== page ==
US Treasury Secretary Janet Yellen said Washington is abandoning its opposition to global digital tax.
US Treasury Secretary Janet Yellen told her G20 colleagues that Washington is abandoning its opposition to a global digital tax, opening the door to such an agreement.
Washington’s change of position was considered a breakthrough. This is a big step forward on our way to a digital tax deal by the summer of this year, the German said Minister of Finance Olaf Schultz in a statement after hypothetical talks with his G20 counterparts.
French Economy Minister Bruno Le Maire also stated that an agreement should be reached by summer, calling for a “immediate conclusion” of the negotiations.
France agreed in 2019 to impose a tax on tech giants like Facebook, Amazon, Apple and Google, who were accused of funneling profits abroad. Paris has suspended collection of digital services tax until the end of 2020 in connection with the OECD talks. But the measure was met with heavy criticism from the Donald Trump administration, which planned to impose tariffs on French goods but canceled them in early January this year, before changing the guard in Washington.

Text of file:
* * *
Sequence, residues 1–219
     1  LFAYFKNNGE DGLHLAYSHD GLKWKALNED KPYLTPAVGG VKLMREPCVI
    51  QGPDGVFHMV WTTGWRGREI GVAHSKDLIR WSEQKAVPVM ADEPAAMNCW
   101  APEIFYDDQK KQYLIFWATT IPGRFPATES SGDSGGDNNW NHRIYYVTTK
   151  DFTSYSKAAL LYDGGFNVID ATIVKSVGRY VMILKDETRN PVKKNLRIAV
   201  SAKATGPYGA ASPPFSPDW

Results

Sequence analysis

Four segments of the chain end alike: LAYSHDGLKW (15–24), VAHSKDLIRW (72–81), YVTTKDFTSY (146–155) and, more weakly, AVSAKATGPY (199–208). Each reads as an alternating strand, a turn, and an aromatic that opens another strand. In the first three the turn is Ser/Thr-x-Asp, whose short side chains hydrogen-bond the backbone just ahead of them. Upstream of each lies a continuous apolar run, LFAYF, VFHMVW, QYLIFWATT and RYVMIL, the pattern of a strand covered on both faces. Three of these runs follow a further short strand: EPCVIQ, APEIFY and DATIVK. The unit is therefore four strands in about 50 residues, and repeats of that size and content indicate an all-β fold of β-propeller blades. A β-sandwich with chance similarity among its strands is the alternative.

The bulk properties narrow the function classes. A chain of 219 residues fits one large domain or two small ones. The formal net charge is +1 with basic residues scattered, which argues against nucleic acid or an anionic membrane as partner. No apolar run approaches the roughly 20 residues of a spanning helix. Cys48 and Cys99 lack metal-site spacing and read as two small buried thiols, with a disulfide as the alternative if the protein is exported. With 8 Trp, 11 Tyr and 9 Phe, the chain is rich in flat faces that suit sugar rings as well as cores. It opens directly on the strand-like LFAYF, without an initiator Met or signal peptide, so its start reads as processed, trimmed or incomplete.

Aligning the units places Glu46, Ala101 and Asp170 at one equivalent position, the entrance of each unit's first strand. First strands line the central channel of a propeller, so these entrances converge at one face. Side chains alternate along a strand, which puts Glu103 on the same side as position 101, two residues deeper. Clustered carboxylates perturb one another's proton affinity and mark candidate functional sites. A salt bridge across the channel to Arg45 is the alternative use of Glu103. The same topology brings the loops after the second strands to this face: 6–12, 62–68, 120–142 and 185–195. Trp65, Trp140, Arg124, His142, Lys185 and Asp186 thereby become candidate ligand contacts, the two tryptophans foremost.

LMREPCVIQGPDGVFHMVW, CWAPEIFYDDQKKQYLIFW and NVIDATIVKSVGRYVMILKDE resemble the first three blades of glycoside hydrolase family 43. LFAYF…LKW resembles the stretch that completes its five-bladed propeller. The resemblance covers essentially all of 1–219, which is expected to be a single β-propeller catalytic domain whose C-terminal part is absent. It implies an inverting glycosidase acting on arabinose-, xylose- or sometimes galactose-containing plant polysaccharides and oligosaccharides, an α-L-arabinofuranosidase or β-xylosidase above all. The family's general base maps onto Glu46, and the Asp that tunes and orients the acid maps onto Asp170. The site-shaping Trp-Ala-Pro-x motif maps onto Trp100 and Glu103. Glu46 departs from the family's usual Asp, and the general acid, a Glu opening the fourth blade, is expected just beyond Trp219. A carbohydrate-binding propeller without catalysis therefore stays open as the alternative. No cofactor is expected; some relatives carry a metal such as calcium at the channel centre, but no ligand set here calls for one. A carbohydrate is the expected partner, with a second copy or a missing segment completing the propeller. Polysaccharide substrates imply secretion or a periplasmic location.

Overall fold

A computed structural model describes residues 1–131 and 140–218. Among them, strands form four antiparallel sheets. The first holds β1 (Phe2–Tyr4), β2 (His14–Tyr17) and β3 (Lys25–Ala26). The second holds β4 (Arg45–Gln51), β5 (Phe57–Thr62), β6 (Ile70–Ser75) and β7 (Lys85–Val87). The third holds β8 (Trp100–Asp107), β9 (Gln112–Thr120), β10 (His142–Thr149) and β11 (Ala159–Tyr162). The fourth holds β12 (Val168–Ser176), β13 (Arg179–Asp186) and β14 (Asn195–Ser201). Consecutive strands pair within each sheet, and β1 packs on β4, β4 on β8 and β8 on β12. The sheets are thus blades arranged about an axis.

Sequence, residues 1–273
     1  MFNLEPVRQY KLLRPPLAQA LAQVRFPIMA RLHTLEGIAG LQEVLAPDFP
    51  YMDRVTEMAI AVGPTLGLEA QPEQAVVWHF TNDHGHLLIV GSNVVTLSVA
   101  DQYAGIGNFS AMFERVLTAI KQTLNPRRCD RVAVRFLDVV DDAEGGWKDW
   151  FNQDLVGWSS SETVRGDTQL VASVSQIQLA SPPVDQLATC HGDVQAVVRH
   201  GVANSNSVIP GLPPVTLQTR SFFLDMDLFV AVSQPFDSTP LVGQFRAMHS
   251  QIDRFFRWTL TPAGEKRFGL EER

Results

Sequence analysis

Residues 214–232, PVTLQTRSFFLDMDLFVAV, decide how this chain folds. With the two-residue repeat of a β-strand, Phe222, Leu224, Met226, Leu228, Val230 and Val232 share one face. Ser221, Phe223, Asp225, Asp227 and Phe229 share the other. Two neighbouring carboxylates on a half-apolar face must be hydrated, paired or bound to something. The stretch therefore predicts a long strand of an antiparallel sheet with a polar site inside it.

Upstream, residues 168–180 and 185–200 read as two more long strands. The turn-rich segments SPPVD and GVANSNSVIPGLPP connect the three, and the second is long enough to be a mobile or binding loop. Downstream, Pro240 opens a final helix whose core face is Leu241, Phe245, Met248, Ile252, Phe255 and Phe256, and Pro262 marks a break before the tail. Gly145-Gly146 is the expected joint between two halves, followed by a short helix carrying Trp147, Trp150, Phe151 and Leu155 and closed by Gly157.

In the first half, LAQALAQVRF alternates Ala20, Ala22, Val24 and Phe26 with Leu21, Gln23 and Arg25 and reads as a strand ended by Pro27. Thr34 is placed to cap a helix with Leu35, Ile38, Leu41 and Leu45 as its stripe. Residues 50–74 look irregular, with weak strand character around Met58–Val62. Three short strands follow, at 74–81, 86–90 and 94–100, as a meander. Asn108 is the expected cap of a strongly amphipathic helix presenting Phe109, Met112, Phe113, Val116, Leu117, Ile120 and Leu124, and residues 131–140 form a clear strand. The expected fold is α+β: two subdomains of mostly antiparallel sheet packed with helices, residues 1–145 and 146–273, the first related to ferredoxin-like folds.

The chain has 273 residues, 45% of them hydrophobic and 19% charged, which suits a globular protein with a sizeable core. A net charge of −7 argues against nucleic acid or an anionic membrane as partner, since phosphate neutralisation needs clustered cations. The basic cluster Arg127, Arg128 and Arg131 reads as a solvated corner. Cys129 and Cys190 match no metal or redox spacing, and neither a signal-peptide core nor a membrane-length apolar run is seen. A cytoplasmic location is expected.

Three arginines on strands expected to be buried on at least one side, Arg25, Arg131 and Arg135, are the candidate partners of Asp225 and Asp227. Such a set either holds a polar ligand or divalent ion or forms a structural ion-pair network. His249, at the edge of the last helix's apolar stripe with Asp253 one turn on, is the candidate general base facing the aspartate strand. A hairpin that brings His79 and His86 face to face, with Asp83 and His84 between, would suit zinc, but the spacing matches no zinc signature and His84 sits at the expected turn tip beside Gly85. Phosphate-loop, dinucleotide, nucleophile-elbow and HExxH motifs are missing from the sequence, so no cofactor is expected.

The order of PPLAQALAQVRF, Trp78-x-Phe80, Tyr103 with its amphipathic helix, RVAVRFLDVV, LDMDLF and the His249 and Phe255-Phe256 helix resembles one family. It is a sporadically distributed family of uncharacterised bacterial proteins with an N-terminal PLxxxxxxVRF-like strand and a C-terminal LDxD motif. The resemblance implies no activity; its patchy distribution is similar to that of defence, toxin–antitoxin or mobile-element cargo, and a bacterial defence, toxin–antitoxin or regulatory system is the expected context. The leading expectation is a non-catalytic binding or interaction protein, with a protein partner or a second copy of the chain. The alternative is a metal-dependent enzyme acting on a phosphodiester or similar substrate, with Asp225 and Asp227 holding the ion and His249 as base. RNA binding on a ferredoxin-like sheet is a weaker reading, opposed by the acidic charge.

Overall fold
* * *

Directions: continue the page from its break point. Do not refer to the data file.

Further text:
Yellen pointed to the potential change in the US during a Senate hearing in January, saying she supports efforts to ensure companies pay their “fair share” and remove incentives for companies to engage in offshore activities.
In November, some 75 major tech companies, including Google and Facebo-ok, backed a French initiative requiring them to pay a “fair tax” in the countries in which they do business. Without an agreement, companies run the risk of proliferating national rules which could lead to double taxation.
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